Dimensional Stability of Mirror Substrates Made of Silicon Particle Reinforced Aluminum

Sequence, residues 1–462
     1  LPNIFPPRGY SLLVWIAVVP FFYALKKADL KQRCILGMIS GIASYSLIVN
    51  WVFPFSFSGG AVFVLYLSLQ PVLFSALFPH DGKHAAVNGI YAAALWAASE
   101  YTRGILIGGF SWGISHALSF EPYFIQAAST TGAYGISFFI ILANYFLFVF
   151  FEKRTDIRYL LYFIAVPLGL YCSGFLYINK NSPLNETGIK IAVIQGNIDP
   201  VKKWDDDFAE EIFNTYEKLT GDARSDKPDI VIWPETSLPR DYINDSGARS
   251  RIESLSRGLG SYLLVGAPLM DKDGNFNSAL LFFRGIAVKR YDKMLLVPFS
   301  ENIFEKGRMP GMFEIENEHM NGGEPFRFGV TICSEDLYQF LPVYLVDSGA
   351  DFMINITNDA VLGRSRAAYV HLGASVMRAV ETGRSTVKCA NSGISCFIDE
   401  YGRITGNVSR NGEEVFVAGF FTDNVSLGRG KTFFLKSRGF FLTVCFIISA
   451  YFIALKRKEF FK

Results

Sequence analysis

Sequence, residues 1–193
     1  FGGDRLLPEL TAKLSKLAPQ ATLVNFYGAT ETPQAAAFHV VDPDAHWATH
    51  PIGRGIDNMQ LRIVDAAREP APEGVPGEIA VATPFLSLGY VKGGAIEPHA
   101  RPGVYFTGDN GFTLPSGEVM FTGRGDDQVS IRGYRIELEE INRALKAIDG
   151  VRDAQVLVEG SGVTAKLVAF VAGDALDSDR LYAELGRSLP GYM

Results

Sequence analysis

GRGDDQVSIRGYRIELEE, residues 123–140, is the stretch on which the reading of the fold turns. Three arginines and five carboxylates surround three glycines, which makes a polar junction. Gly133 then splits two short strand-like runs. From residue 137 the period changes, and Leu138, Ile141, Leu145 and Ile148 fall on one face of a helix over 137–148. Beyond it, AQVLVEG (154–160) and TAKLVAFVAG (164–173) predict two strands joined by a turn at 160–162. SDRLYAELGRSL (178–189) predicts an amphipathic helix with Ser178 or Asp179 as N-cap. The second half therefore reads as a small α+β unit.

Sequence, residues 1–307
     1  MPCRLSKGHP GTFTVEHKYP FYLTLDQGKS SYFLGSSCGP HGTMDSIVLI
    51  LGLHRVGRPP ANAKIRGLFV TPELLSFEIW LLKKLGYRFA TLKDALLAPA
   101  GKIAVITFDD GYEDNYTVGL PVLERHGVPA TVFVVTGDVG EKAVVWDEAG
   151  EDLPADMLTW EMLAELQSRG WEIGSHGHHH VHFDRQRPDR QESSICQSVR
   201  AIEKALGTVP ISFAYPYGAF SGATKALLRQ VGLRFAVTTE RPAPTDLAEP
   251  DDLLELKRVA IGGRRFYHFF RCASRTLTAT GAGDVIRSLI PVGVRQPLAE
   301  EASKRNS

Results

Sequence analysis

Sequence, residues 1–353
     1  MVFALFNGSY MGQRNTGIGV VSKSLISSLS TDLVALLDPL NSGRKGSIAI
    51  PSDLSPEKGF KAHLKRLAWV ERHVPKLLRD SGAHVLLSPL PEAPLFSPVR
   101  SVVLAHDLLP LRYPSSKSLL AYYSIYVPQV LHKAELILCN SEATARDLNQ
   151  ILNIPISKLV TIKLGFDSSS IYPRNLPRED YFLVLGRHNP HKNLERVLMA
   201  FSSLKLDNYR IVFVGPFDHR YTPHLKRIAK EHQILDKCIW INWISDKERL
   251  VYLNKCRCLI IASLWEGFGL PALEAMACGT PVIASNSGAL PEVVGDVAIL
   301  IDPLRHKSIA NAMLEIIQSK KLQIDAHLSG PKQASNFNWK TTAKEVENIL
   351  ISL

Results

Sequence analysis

In the present study, the thermal cycling stability of mirrors made of silicon particle reinforced aluminum compounds, containing an amount of 42 ± 2 wt.% silicon particles, is investigated with respect to thermal loading. The compound is processed by single-point diamond turning to optical mirrors that were subsequently thermally cycled in a temperature range between 40◦C to −60◦C and between 20◦C and −196◦C, respectively. The residual shape change of the optical surface was analyzed using Fizeau interferometry at room temperature. The change of shape deviation of the mirrors is compared with dilatometric studies of cylinders using the same temperature regime. Due to different coefficients of thermal expansion of the two constituents of the compound, thermal mismatch stresses in the ductile aluminum matrix and the brittle silicon particles are induced by the investigated thermal loads. The plasticity that occurs causes the formation of dislocations and stacking faults as substantiated by Transmission Electron Microscopy. It could be shown that the silicon particles lead to the cold working process of the reinforced aluminum matrix upon thermal cycling. By using interferometry, a higher dimensional stability of mirrors made of silicon particle reinforced aluminum due to thermal loads is demonstrated.